Pop in That Tape

Six ways to manage your toddler's video time.

When the American Academy of Pediatrics released a study recently that linked television viewing by young children to attention deficit disorder problems later in childhood, they neglected to offer any parental guidance
on what to do. Let’s face it: TV and videos are an integral part of a busy Mom’s life, and moms would like to be able to keep letting their toddlers spend time in front of the screen. What parents need is advice on how to manage the activity better.

The study didn’t say “No” to all video viewing, and there are plenty of multi-media options that can help children learn. To make the most of your toddler’s television time, I suggest the following six practices:

1. Look for Slower, More Natural Paced Programs.
The study published in the April 5th issue of Pediatrics pointed to the problem of rapidly changing images, which pervades most of the programming available to toddlers today. The study indicated that the quick changes may overstimulate the child and lead to focusing issues. Look for videos with a calm, more natural pace. When visual images stay on the screen for an extended period of time, the child has the opportunity to focus and develop critical attention skills.

2. Incorporate Reality-Based Programming Into Your Video Library.
As toddlers are learning about the world around them, it’s helpful to have real pictures, rather than cartoons, to put the labels and function of the objects they are learning about into context. When children see realistic images on the screen, they will be better able to identify those objects when they see them in real life.

3. Select Programs That Foster Interactivity.
Many television and video programs create a passive activity to do all the thinking for the child. Any time the child is involved in this type of passive activity, the amount of time the child could be developing creative and cognitive skills is cut down. However, interactive programs that encourage the child to solve a problem, find an object, compare sizes, identify colors and shapes, and build memory skills can be productive.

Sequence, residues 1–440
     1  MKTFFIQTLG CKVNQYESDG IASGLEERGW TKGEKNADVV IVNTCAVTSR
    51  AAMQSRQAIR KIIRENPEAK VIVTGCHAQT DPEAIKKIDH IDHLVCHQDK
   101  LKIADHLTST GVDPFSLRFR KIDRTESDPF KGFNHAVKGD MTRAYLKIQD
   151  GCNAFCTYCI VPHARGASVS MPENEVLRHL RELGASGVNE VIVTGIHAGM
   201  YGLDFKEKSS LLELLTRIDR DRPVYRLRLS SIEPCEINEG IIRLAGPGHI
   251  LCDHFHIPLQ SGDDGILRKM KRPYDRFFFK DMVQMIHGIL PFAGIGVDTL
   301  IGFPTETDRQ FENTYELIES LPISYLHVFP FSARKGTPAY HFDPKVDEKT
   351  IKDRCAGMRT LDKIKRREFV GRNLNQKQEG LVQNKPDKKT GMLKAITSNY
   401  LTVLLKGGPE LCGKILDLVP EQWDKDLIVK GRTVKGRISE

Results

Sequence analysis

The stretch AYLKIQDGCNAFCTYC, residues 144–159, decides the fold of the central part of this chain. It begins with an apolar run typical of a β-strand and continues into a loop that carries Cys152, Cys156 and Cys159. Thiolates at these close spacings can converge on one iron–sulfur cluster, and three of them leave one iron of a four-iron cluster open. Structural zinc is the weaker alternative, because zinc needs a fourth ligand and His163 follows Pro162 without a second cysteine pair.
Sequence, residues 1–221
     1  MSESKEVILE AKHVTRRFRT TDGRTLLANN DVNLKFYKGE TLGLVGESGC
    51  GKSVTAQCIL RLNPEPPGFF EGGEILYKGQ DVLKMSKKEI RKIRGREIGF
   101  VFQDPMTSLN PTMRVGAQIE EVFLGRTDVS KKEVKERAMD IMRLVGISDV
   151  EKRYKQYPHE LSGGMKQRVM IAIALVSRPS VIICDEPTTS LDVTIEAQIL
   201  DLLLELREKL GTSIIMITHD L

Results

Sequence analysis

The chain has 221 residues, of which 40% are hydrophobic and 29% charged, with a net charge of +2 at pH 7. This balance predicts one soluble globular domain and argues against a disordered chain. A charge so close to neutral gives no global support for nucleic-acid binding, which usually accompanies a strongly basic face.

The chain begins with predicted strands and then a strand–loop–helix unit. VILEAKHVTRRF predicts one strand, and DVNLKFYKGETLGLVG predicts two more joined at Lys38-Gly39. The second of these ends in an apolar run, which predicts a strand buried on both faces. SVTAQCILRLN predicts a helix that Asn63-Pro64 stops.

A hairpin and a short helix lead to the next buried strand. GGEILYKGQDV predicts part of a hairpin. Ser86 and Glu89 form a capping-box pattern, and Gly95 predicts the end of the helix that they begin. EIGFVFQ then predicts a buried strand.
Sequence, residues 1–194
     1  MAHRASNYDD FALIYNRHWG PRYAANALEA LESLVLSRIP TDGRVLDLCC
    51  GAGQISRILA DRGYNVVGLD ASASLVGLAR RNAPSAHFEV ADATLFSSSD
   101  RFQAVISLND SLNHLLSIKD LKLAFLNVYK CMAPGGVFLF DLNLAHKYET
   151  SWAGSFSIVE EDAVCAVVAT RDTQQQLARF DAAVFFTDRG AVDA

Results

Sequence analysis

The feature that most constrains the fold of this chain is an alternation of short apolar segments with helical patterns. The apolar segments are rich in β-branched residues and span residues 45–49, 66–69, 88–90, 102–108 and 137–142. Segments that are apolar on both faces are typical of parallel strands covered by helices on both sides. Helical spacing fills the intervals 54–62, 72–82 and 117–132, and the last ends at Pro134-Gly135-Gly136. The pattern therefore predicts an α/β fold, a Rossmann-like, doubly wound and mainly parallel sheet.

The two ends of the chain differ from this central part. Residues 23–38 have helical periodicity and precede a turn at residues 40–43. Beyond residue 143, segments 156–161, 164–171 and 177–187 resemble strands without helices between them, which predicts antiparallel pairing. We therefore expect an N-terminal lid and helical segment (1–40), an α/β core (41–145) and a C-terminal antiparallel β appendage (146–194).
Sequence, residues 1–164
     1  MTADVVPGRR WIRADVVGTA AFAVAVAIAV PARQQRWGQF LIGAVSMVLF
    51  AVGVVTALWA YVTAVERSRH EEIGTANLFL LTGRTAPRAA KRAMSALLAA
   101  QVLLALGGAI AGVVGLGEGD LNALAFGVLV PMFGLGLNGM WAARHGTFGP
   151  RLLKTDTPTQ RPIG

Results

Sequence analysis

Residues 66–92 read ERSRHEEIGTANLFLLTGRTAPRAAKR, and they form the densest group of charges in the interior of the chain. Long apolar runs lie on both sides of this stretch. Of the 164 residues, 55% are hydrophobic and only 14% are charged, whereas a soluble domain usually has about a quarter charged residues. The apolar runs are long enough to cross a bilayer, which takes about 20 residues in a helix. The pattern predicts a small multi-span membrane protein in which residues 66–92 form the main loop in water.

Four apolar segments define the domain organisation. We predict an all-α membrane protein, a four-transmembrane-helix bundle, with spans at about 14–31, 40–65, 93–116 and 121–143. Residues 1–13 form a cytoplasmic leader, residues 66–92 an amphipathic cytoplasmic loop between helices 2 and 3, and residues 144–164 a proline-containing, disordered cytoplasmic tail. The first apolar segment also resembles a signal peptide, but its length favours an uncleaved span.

4. Pick Programs with Show-and-Tell Features.

Television has long been the medium of choice when it comes to demonstrating ‘how-to’ do something. Much of children’s programming however, does not take advantage of the screen’s power in this area. Look for videos where children are given instructions to sing, jump, clap, make hand signals, etc. Make sure they are given enough time to try the action on their own, or that the video encourages children to “join in” with what they see on the screen.

5. Coordinate Parent Child Activities.
According to the 1999 statement of the American Academy of Pediatrics, “Babies and toddlers have a critical need for direct interactions with parents and other significant caregivers for healthy brain growth and development of appropriate social, emotional and cognitive skills.”

Although it’s tempting to use the VCR as an electronic babysitter when you have something else you need to do, use your child’s video collection as a launching point for games and discussions with your child. Remember, children love to watch a program over and over again.

You only need to watch a show once or twice to be able to reenact it with your child, sing the songs when the TV is off, or discuss with your child what he or she saw on the tape.

6. Choose Shorter Programs.
A big part of the study in Pediatrics pointed to the amount of time young children are watching television. Manage your child’s time in front of the screen based on your schedule, their interests and what you want them to learn. Try limiting video watching to 30-minute segments. Most videos for young children are about this length, but be sure to manage the remote control, too. Even very young children quickly figure out that the rewind button means more TV time!

Educational and “edutainment” videos have a place on the family video shelf, as long as Mom and Dad have the ultimate control over what their children watch, when and how long.